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Diagnostic accuracy of pulmonary host inflammatory mediators in the exclusion of ventilator-acquired pneumonia
  1. Thomas P Hellyer1,
  2. Andrew Conway Morris2,3,
  3. Daniel F McAuley4,5,
  4. Timothy S Walsh2,
  5. Niall H Anderson6,
  6. Suveer Singh7,
  7. Paul Dark8,
  8. Alistair I Roy9,
  9. Simon V Baudouin1,10,
  10. Stephen E Wright11,
  11. Gavin D Perkins12,
  12. Kallirroi Kefala13,
  13. Melinda Jeffels14,
  14. Ronan McMullan15,
  15. Cecilia M O'Kane4,
  16. Craig Spencer16,
  17. Shondipon Laha16,
  18. Nicole Robin17,
  19. Savita Gossain18,
  20. Kate Gould19,
  21. Marie-Hélène Ruchaud-Sparagano1,
  22. Jonathan Scott1,
  23. Emma M Browne1,
  24. James G MacFarlane1,
  25. Sarah Wiscombe1,
  26. John D Widdrington1,
  27. Ian Dimmick20,
  28. Ian F Laurenson21,
  29. Frans Nauwelaers22,
  30. A John Simpson1
  1. 1Institute of Cellular Medicine, Medical School, Newcastle University, Newcastle upon Tyne, UK
  2. 2MRC Centre for Inflammation Research, University of Edinburgh, Edinburgh, UK
  3. 3Department of Anaesthesia, University of Cambridge, Cambridge Biomedical Campus, Cambridge, UK
  4. 4Centre for Infection and Immunity, Health Sciences Building, Queen's University Belfast, Belfast, UK
  5. 5Regional Intensive Care Unit, Royal Victoria Hospital, Belfast, UK
  6. 6Centre for Population Health Sciences, University of Edinburgh, Medical School, Edinburgh, UK
  7. 7Intensive Care Unit, Chelsea and Westminster Hospital, Imperial College London, London, UK
  8. 8Institute of Inflammation and Repair, University of Manchester, Manchester Academic Health Sciences Centre & Intensive Care Unit, Salford Royal NHS Foundation Trust, Greater Manchester, UK
  9. 9Integrated Critical Care Unit, Sunderland Royal Hospital, Sunderland, UK
  10. 10Intensive Care Unit, Royal Victoria Infirmary, Newcastle upon Tyne, UK
  11. 11Intensive Care Unit, Freeman Hospital, Newcastle upon Tyne, UK
  12. 12University of Warwick and Heart of England NHS Foundation Trust, Coventry, UK
  13. 13Intensive Care Unit, Royal Infirmary of Edinburgh, Edinburgh, UK
  14. 14Newcastle Clinical Trials Unit, William Leech Building, Medical School, Newcastle University, Newcastle upon Tyne, UK
  15. 15Department of Medical Microbiology, Kelvin Building, The Royal Hospitals, Belfast, UK
  16. 16Intensive Care Unit, Lancashire Teaching Hospitals NHS Foundation Trust, Preston, UK
  17. 17Intensive Care Unit, Countess of Chester NHS Trust, Chester, UK
  18. 18Public Health Laboratory, Heart of England NHS Foundation Trust, Birmingham, UK
  19. 19Public Health England & Newcastle upon Tyne Hospitals NHS Foundation Trust, Freeman Hospital, Newcastle upon Tyne, UK
  20. 20Bioscience Centre (West Wing), International Centre for Life, Newcastle University, Newcastle upon Tyne, UK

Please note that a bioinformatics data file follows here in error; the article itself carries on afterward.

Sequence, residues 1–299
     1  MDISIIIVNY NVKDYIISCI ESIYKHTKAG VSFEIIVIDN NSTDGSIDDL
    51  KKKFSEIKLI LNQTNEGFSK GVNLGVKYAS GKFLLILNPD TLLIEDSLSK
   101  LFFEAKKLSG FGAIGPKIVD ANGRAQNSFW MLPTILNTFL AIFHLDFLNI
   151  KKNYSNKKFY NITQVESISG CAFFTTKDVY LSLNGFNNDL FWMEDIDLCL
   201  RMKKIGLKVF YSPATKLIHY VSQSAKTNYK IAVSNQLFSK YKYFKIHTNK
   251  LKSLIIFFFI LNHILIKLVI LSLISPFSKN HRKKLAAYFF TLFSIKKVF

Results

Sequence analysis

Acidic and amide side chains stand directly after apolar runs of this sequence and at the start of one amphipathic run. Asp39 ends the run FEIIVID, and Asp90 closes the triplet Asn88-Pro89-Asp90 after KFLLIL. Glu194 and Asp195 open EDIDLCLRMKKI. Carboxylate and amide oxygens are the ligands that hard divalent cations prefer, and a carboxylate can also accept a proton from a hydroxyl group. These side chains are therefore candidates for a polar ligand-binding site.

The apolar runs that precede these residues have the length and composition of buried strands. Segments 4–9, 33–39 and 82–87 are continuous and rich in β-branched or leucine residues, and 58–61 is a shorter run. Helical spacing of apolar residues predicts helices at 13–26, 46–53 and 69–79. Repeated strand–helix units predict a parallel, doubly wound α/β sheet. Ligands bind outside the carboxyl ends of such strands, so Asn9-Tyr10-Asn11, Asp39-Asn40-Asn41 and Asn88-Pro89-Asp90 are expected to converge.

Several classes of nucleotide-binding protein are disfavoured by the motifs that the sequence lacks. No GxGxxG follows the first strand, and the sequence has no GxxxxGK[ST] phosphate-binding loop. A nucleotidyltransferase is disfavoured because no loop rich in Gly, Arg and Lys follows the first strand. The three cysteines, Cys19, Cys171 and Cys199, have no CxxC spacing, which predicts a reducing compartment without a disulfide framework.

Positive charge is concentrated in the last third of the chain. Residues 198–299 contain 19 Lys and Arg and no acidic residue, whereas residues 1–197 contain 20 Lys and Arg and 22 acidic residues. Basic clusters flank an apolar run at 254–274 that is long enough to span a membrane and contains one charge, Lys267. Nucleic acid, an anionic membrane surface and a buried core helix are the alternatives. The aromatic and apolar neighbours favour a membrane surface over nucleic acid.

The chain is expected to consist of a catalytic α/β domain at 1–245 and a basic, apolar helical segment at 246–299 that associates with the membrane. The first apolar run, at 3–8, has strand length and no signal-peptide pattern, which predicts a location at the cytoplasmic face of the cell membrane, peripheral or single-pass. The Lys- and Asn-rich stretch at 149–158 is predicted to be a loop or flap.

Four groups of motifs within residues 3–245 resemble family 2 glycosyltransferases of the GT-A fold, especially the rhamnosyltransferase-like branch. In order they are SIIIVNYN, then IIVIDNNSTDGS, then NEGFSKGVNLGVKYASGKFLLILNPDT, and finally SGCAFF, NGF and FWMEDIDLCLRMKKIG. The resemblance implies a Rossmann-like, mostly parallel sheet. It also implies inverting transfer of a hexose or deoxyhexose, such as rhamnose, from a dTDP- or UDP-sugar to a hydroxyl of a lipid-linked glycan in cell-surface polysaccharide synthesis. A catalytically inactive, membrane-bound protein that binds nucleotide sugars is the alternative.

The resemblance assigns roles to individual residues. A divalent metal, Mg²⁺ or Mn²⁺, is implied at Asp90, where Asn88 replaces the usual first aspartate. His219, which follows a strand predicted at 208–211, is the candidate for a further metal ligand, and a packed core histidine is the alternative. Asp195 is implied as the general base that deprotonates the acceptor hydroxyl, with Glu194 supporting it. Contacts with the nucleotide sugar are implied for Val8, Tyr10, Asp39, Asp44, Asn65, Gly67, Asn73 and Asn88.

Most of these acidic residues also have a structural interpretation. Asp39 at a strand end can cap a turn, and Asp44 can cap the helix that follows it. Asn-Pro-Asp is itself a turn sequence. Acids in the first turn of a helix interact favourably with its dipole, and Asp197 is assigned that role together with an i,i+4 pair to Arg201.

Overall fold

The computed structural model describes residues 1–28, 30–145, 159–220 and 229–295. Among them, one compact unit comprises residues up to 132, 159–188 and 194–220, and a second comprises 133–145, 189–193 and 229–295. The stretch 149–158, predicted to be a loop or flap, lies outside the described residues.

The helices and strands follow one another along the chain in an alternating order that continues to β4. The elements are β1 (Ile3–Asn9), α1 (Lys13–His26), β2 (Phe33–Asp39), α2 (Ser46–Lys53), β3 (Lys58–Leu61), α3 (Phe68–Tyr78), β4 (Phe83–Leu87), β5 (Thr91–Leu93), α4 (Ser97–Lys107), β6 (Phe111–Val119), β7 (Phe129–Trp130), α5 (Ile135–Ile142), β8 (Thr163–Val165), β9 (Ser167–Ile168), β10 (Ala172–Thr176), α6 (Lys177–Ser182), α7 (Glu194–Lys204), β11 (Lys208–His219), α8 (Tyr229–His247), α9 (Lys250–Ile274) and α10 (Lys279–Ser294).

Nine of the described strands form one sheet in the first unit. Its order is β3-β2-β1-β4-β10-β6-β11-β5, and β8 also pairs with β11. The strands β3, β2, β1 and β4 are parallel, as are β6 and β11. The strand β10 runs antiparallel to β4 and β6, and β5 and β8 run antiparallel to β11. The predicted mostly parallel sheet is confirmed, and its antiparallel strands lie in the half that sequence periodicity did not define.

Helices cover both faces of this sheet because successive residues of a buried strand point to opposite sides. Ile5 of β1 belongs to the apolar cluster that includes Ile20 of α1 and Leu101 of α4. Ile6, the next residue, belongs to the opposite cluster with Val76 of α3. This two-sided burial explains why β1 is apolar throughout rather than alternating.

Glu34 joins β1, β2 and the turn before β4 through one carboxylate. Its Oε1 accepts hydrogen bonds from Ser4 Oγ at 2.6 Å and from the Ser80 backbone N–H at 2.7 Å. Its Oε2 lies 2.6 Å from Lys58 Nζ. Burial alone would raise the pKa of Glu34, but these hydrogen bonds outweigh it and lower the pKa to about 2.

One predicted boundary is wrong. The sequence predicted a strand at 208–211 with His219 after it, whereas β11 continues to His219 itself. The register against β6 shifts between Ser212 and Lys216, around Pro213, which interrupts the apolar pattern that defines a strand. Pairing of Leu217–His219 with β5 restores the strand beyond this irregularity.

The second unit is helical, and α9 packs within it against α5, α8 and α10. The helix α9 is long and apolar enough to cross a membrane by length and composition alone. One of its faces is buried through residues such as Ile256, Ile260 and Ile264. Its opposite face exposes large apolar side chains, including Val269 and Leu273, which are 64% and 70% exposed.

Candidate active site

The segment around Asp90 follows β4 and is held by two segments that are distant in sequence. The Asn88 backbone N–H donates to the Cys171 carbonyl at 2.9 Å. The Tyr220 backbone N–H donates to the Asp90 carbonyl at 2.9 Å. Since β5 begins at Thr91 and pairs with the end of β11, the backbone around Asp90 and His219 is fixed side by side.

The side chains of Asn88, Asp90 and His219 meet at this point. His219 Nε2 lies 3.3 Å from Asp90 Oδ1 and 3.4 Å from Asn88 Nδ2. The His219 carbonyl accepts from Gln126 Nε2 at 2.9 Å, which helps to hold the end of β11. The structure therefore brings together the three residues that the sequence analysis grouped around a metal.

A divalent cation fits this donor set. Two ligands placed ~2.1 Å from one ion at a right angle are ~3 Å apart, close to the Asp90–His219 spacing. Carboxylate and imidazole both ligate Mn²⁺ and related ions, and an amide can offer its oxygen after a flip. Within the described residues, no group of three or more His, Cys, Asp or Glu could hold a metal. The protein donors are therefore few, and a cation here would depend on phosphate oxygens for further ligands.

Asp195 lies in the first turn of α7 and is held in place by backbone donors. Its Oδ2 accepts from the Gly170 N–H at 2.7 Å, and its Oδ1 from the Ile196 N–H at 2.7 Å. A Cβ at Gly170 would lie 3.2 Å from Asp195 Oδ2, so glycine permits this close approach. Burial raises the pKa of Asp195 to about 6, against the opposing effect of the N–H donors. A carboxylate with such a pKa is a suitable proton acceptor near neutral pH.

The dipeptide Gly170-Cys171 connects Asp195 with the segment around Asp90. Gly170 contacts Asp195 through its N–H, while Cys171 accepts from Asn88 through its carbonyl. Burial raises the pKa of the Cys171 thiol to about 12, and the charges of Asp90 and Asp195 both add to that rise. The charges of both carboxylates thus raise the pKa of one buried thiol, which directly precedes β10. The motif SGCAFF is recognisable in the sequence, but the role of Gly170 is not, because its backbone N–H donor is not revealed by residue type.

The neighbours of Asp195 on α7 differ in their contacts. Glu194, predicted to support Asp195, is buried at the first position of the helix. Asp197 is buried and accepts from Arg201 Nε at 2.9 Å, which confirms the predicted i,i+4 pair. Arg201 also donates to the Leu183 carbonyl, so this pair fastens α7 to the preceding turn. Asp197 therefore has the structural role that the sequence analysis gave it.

21. 21Department of Clinical Microbiology, Royal Infirmary of Edinburgh, Edinburgh, UK
  22. 22Becton Dickinson Biosciences, Erembodegem (Aalst), Belgium
  1. Correspondence to Professor John Simpson, Institute of Cellular Medicine, 3rd Floor William Leech Building, Medical School, Newcastle University, Framlington Place, Newcastle upon Tyne NE2 4HH, UK; j.simpson{at}ncl.ac.uk

Abstract

Background Excessive use of empirical antibiotics is common in critically ill patients. Rapid biomarker-based exclusion of infection may improve antibiotic stewardship in ventilator-acquired pneumonia (VAP). However, successful validation of the usefulness of potential markers in this setting is exceptionally rare.

Objectives We sought to validate the capacity for specific host inflammatory mediators to exclude pneumonia in patients with suspected VAP.

Methods A prospective, multicentre, validation study of patients with suspected VAP was conducted in 12 intensive care units. VAP was confirmed following bronchoscopy by culture of a potential pathogen in bronchoalveolar lavage fluid (BALF) at >104 colony forming units per millilitre (cfu/mL). Interleukin-1 beta (IL-1β), IL-8, matrix metalloproteinase-8 (MMP-8), MMP-9 and human neutrophil elastase (HNE) were quantified in BALF. Diagnostic utility was determined for biomarkers individually and in combination.

Results Paired BALF culture and biomarker results were available for 150 patients. 53 patients (35%) had VAP and 97 (65%) patients formed the non-VAP group. All biomarkers were significantly higher in the VAP group (p<0.001). The area under the receiver operator characteristic curve for IL-1β was 0.81; IL-8, 0.74; MMP-8, 0.76; MMP-9, 0.79 and HNE, 0.78. A combination of IL-1β and IL-8, at the optimal cut-point, excluded VAP with a sensitivity of 100%, a specificity of 44.3% and a post-test probability of 0% (95% CI 0% to 9.2%).

Conclusions Low BALF IL-1β in combination with IL-8 confidently excludes VAP and could form a rapid biomarker-based rule-out test, with the potential to improve antibiotic stewardship.

  • Pneumonia

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